It only took me a few more moments to realize what that was. As we were snaking our way through the tight, bush-lined corridor toward the Tigris bridge, I came to understand that the IED blast was a specific, destructive event that had left lasting effects.

The metaphor began.

We continued for a few more kilometers through the threatening corridor, not able to see around bend nor any potential threat that may lie thinly veiled behind some foliage. That IED blast happened while I was not around, outside of my control, but yet disrupting my path, changing my life. That represented what had been done to my children and me during my deployment. The winding, blind corridor with vague unseen threats in all directions signified the time of feeling lost, violated, attacked after the news had been given us during R&R. I was blind to my future; what step was next, but forced to continue moving forward.

Then came the bridge.

Recently, I have been pulling out of the pervasive funk I had been trapped in since my return to Iraq. The other side of the bridge is clear and open, the road wide and visible. Traveling on from there, I saw the bigger metaphor; Iraq has been my marital life. Iraq started out beautiful and progressive, the cradle of civilization, a wonderous place to be. Then shortly after its shining rise, it stagnated; lost its way, became barren and unforgiving. For centuries, leaders and empires tried to raise Iraq to its preious stature, to make it a viable nation once again. But all failed. As my marital life suffered its destructive blows, so did Iraq suffer the toppling of itself as a nation at the hands of an outside uninvited force. Many said Iraq would be better off after the corruption had been exposed and removed, but now the nation lays in anarchic waste.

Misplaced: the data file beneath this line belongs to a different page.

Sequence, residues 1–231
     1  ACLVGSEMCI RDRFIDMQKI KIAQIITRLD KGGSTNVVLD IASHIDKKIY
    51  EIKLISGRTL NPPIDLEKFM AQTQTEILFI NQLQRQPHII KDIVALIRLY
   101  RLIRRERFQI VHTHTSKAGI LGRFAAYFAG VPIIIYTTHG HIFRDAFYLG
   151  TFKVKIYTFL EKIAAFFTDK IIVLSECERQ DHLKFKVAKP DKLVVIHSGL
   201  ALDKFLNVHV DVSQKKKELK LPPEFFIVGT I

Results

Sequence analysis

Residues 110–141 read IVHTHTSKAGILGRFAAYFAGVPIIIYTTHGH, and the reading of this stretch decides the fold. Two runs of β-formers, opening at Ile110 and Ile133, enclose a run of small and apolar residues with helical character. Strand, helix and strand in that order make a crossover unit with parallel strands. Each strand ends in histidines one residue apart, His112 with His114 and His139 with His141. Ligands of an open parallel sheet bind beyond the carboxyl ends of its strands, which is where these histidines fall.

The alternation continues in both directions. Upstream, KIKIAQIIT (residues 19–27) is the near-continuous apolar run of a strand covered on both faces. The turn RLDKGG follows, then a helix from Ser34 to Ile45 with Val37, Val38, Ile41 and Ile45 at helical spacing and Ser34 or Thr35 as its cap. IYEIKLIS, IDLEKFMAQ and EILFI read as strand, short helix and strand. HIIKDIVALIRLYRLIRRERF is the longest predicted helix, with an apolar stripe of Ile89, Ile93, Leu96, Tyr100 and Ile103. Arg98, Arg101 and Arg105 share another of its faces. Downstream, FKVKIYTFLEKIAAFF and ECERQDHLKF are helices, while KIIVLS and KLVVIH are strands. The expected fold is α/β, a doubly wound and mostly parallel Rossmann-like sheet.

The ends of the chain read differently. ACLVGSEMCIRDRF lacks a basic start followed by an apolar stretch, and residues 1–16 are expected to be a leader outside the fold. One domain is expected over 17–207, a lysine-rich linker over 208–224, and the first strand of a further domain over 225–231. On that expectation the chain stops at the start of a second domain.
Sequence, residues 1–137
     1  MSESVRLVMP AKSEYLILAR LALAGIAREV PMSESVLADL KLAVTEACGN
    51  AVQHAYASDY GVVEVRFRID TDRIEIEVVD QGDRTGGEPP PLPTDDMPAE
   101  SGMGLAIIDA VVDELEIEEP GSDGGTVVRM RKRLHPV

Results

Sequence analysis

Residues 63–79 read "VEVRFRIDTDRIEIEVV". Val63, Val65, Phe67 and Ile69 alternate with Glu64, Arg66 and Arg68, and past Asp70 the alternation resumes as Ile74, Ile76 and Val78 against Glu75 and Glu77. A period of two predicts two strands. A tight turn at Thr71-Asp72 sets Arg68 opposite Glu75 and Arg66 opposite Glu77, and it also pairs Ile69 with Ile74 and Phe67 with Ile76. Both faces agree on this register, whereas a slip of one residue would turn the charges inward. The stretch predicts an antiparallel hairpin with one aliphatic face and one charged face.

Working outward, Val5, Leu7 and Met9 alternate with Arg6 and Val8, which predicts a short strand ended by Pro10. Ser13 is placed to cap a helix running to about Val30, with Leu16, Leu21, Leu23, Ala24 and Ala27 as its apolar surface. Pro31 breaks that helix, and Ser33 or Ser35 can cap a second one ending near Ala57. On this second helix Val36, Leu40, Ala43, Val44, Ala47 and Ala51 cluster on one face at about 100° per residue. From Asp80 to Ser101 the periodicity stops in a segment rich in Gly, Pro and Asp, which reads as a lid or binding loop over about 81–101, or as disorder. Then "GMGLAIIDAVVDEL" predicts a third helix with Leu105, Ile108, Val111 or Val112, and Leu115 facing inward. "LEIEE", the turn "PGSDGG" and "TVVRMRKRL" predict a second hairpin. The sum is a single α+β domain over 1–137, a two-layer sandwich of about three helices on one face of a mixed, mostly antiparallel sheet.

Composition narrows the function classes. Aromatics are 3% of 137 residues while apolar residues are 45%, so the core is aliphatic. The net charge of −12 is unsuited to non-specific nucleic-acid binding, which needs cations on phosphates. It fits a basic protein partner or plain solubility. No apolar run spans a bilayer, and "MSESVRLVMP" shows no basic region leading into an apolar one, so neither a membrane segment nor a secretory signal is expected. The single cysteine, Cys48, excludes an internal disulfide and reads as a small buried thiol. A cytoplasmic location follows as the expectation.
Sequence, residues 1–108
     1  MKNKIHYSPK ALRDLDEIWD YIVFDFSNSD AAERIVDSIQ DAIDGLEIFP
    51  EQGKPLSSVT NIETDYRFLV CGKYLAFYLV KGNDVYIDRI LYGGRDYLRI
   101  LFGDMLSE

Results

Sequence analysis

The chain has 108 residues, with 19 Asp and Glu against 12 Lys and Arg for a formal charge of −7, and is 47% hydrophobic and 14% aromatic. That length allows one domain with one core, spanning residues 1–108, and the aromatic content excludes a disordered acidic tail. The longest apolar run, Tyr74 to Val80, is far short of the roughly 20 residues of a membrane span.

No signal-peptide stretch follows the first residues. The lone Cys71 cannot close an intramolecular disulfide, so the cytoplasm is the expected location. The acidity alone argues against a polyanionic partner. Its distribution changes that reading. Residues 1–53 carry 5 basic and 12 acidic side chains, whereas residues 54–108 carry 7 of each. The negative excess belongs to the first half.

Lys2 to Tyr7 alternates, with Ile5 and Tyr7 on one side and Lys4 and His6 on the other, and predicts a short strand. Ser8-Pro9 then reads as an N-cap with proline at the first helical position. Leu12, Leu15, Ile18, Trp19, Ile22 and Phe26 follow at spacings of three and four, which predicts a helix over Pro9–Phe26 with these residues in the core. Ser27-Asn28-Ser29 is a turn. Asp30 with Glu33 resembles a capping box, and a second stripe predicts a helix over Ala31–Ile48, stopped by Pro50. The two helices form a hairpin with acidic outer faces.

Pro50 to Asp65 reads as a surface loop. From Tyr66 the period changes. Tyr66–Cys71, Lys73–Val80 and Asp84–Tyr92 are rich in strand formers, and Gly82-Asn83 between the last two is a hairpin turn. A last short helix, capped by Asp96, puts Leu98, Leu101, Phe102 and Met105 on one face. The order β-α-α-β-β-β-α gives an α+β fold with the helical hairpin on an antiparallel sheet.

Mile after mile of flat, tan, barren land lay between me and home.

Iraq, and my life, awaits a time that actual healing and rebuilding of its own, by its own, can begin. The occupying armies, the facts and memories in my newly forced history, perpetuate the chaos and represent the first major step to overcome in regaining sovereign control over the nation, my life. Maybe we, as the occupying force, at the very least steel the resolve of the indiginous, making them stronger in the spite of our efforts and not in their subjugation. The painful details of the events that occurred to my children, myself, and my marriage have the power to build my resolve for a better future, in lieu of being destroyed by the shame thrust upon us.

Thursday, October 06, 2005

A Quick Interjection About Instant Messaging

I just needed to post this since we've been denied the privelege of using instant messaging for nearly 2 weeks now. To put it bluntly, I hacked around the restrictions on the network and I / we are now able to do IM again ;)

So, the previous entry will continue soon, but look for me again on IM.


Wednesday, October 05, 2005

Living a Metaphor of Life